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Our first date was an opera performance at school. He wore a suit and tie. I did my best to emulate the stylish girls at school and put my hair in a curly updo with a gold ribbon threaded through my hair. At the end of the evening, I had 2 dozen orange and yellow roses and a beautiful journal in my hand and butterflies in my stomach.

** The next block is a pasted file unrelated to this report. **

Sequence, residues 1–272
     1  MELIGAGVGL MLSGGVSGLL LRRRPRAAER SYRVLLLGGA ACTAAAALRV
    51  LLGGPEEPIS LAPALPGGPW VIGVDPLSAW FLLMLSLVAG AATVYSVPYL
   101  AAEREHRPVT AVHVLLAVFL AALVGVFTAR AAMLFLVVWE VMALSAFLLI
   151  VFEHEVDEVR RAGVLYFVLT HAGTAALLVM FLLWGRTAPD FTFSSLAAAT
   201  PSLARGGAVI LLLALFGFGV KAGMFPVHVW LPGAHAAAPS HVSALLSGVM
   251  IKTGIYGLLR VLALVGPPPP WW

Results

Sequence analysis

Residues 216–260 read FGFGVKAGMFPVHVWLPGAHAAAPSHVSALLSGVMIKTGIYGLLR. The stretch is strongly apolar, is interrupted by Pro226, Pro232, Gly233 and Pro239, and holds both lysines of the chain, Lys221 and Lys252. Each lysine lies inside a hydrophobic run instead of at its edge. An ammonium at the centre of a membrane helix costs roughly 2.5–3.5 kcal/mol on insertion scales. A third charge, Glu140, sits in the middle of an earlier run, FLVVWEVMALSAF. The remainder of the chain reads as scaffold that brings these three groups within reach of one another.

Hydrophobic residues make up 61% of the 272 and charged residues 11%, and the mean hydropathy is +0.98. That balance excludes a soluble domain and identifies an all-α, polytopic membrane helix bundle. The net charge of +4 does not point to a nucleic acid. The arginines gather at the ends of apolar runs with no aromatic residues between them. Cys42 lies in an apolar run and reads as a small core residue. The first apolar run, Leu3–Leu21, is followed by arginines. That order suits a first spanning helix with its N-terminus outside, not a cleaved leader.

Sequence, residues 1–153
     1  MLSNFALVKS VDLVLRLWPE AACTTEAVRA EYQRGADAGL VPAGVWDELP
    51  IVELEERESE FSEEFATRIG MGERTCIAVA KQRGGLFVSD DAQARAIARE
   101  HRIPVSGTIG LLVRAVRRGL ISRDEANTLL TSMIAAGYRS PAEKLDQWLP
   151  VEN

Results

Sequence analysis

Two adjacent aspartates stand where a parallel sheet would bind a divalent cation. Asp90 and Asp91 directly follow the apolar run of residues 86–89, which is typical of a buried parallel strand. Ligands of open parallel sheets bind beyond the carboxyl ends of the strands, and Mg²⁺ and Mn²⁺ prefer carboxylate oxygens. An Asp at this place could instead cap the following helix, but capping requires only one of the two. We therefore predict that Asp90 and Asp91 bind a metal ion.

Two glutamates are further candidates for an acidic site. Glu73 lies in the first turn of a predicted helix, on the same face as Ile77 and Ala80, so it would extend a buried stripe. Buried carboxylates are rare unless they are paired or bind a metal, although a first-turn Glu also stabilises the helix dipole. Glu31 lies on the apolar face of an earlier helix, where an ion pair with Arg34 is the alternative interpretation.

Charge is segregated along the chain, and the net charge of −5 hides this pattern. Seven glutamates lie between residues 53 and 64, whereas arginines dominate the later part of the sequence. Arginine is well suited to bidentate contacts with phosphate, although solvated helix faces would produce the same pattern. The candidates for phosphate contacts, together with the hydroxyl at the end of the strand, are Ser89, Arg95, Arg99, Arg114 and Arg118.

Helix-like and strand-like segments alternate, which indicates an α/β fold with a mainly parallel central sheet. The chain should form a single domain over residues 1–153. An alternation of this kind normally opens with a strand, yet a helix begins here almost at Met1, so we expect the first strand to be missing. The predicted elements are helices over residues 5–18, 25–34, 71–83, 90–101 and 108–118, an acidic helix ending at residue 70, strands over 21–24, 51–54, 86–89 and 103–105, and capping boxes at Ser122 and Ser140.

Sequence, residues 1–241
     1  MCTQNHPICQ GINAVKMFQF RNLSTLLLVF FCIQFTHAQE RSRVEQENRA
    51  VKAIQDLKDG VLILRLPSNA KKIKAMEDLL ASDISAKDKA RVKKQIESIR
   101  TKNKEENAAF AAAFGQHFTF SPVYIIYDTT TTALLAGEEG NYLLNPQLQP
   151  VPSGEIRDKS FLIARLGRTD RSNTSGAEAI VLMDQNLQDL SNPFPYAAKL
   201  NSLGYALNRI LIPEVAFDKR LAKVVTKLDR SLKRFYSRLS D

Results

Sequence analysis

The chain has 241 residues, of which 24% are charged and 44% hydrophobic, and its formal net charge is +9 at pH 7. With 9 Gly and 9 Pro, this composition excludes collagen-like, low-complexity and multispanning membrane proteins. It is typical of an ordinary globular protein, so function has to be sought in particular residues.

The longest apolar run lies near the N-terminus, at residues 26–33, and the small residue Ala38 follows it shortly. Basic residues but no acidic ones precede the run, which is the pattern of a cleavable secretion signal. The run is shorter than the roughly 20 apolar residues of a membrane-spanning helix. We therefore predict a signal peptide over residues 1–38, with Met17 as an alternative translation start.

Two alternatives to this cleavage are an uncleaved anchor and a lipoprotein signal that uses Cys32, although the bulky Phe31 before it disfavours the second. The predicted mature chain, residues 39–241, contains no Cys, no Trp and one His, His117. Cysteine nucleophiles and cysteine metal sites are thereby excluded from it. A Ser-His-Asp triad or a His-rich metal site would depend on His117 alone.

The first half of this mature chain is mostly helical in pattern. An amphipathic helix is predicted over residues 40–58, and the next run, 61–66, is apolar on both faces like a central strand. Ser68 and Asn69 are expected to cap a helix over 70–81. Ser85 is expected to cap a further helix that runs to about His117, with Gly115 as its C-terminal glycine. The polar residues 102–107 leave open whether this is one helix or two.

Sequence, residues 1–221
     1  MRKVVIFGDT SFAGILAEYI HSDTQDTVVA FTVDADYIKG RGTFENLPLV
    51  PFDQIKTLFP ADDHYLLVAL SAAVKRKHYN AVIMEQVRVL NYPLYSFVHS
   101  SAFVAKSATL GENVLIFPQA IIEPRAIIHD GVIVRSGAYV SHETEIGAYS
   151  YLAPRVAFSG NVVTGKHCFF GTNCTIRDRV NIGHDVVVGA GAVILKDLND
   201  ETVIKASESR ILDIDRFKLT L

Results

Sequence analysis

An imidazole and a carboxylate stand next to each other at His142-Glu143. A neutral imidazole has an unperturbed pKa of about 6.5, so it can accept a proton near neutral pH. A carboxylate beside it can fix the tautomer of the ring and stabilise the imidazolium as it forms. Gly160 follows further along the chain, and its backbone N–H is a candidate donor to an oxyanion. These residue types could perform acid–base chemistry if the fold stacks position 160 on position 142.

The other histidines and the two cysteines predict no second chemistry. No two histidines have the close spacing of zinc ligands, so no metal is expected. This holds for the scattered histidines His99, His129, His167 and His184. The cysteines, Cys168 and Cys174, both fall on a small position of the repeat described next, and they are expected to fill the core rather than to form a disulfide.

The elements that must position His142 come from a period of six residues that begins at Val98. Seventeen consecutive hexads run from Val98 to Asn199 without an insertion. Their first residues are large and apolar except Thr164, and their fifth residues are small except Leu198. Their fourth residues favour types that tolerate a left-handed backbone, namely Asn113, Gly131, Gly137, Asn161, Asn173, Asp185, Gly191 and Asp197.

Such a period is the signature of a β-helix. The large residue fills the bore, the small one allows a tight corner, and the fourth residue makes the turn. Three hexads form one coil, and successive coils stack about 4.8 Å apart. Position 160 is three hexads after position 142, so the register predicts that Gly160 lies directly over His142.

That journal. I knew just what to do with it. I had kept a journal since I was 10, the details of which I may never publicly release, though I’m sure my readership would spike due to the hilarity of its contents. But since I was 14, I had kept a special kind of journal, a collection of love letters written to the man I would one day marry but hadn’t yet met. The letters were interspersed in between accounts of my favorite colors and high school dramatics in journals with puffy covers and Thomas Kinkade artwork. I had absolutely no intention of presenting such ardent affection encased in puffy cottage scenes. So I began to compile each letter in the journal Daniel had given me that night, on our very first date; an act of faith or foolishness, I’m still not sure which, but I was almost certain we would always be together, and that the journal would one day be given to him.